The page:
Abstract and Introduction
Although much is known about prion diseases (characterized by a post-translational misfolding of the prion protein [PrP]) and their neuropathology and molecular pathology, the fundamental cause of illness, the basic neuropathogenesis, remains uncertain. There are three broad considerations discussed in this review: the possible loss of normal PrP function, the possible direct toxicity of the abnormally folded PrP and a harmful interaction between the normal and abnormal protein. In considering these possibilities, there are difficulties, including the facts that the relevant normal functions of the PrP are somewhat uncertain and that there are a number of possible toxic species of abnormal protein. In addition to the possible interactions of normal and abnormal PrP in prion disease, PrP may play a role in the neuropathogenesis of other diseases (such as Alzheimer's disease).
Prion diseases affect both animals and humans and occur in sporadic, acquired or inherited forms. Human examples include Creutzfeldt–Jakob Disease (CJD), Kuru, fatal familial insomnia and Gerstmann-Sträussler syndrome (GSS). CJD is subdivided into genetic, sporadic, iatrogenic and variant CJD.
They are essentially brain diseases with common neuropathological/molecular characteristics and potential transmissibility. The general neuropathological features are those of neuronal loss, astrocytic gliosis and spongiform change with deposition of aggregated abnormal prion protein (PrP). In the most general terms, the common underlying molecular feature is the post-translational conformational change of a normally expressed protein, named PrPC, into a disease-associated form (PrPSc). PrPC is a protease-sensitive, membrane-associated monomeric protein (with a glycosylphosphatidylinositol [GPI] anchor). PrPSc is generally characterized as more protease-resistant, with a higher β-sheet content and forms multimers, sometimes in the form of amyloid fibrils. These molecular characteristics are broadly similar to those found in other human neurodegenerative diseases, such as Alzheimer's disease and Parkinson's disease (although these involve different proteins). However, one important distinctive feature of prion disease is the potential for natural transmission (between or within species).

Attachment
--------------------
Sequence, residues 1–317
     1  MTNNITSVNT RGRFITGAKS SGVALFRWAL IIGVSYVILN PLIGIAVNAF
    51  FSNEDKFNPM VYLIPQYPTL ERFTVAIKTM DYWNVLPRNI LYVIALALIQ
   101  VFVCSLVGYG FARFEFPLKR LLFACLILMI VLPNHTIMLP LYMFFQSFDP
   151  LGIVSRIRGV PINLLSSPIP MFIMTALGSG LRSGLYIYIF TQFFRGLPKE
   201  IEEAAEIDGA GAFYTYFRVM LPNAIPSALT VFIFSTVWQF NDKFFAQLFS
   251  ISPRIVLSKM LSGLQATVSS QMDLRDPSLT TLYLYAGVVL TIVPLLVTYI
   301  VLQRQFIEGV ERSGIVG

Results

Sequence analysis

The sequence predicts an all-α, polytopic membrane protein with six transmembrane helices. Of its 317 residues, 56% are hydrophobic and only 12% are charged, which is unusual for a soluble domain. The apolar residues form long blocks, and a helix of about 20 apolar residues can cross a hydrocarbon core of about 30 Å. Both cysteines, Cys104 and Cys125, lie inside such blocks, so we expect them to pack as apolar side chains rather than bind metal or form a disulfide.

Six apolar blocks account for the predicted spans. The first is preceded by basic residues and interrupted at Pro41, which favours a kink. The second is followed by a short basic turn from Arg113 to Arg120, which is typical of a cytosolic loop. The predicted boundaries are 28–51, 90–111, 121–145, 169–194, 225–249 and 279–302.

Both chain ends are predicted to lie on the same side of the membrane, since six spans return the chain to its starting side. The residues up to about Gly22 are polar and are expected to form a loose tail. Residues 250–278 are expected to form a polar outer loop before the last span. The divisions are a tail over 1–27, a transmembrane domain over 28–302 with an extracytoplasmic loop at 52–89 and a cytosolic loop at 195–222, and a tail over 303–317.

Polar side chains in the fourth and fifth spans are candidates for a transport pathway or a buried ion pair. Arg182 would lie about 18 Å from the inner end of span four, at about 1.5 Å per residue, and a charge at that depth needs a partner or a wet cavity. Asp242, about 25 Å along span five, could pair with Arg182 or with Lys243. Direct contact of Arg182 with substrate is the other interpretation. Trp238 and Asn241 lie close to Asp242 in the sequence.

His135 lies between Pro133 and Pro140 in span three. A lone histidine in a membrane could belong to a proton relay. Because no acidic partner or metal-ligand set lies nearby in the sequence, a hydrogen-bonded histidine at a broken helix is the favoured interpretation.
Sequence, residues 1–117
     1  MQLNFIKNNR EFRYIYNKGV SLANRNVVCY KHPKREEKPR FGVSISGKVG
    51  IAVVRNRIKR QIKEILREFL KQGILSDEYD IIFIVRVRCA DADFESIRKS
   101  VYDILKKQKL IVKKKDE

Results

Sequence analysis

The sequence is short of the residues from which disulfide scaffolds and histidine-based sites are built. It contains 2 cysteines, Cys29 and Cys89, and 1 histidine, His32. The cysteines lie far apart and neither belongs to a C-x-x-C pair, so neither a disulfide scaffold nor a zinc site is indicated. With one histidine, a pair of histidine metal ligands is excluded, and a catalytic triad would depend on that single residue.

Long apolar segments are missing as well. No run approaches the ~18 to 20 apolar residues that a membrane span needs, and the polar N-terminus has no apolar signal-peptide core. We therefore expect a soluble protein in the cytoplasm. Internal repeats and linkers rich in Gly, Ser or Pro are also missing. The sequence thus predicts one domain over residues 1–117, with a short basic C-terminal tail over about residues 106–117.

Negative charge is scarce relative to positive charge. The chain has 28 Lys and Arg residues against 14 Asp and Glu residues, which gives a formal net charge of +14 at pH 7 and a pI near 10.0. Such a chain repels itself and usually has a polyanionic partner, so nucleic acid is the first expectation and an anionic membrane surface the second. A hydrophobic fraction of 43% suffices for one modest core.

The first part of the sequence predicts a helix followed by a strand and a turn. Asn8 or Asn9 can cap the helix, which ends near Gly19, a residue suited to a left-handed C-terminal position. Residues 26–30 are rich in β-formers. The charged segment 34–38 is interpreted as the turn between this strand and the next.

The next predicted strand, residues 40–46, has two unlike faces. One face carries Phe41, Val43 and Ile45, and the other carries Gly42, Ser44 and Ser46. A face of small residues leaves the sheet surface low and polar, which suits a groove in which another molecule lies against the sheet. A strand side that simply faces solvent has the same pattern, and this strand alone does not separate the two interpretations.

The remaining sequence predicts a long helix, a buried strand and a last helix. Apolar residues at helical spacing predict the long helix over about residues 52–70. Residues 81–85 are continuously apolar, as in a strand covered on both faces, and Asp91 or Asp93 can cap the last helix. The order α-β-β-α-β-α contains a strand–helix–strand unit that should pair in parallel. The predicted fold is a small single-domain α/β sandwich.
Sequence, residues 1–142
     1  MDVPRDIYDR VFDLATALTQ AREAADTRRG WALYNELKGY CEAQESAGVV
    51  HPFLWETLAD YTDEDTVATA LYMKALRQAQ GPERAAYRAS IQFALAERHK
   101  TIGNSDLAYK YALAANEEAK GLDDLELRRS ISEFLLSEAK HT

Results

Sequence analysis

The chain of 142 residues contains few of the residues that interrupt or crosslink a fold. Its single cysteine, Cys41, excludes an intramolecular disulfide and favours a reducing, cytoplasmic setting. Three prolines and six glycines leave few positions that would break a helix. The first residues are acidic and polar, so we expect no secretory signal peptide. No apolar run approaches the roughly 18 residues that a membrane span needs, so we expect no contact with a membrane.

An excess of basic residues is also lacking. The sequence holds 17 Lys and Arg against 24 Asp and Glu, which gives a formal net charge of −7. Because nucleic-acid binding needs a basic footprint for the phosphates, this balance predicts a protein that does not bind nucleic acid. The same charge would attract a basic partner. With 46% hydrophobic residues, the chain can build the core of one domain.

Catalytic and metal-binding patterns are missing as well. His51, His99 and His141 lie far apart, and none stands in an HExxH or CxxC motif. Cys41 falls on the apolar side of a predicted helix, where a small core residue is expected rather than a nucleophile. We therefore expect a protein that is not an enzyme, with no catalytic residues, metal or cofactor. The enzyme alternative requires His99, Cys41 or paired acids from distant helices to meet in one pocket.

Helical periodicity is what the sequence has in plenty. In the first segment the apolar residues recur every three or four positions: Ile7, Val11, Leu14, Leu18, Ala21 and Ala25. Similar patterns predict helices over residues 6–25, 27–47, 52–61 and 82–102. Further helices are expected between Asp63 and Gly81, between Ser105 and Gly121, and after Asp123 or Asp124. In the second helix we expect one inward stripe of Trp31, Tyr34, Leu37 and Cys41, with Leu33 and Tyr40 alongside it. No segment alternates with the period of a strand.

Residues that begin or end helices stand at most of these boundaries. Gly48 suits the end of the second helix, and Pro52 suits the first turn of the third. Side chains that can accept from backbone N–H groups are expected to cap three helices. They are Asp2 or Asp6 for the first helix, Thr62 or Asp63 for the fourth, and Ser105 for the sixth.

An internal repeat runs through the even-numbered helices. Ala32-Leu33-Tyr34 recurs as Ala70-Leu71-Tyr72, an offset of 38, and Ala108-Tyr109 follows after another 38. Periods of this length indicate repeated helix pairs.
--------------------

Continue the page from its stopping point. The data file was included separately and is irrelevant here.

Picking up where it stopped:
There are potential terminological difficulties in discussing the basis of prion disease. PrPSc has been the most widely used designation for the disease-related form of PrP. However, it is a conceptual term that is arguably an umbrella covering a variety of molecular species. The name originates from the study of scrapie (hence the 'Sc' superscript) and some authors have preferred terms either more appropriate to other diseases (hence terms such as PrPCJD or PrPCWD), or ones with less specific disease connotations (such as PrPTSE or PrPd). In fact, what is most often studied is the protease-resistant core of disease-related PrP, usually designated PrPres. As a further complication, one paper has reported the detection of small amounts of insoluble, protease-resistant PrP in normal human brain and suggested that PrP differences between normal and prion disease brains may be quantitative rather than qualitative. Finally, interest has centered on intermediate forms of PrP, between the normal PrPC and the abnormal aggregated, fibrillary protein found in disease tissue deposits. Some authors have used the term PrP lethal (PrPL) to refer to a proposed neurotoxic form intermediate between, or separate from, PrPC and PrPSc.[5–7] In this article, 'PrP' is used to refer to the PrP in a general sense, with 'PrPSc' being used to denote disease-related PrP in the sense appropriate to the particular context and, certainly, it will sometimes denote PrPres.
In considering prion disease mechanisms, there are three relatively distinct areas. First, there is the nature of the infective agent (designated the 'prion') and infectivity; second, the mechanisms of transmission; and third, the actual neuropathogenic process. This review is concerned with the last of these.
Future Neurology. 2014;9(2):135-147. © 2014 Future Medicine Ltd.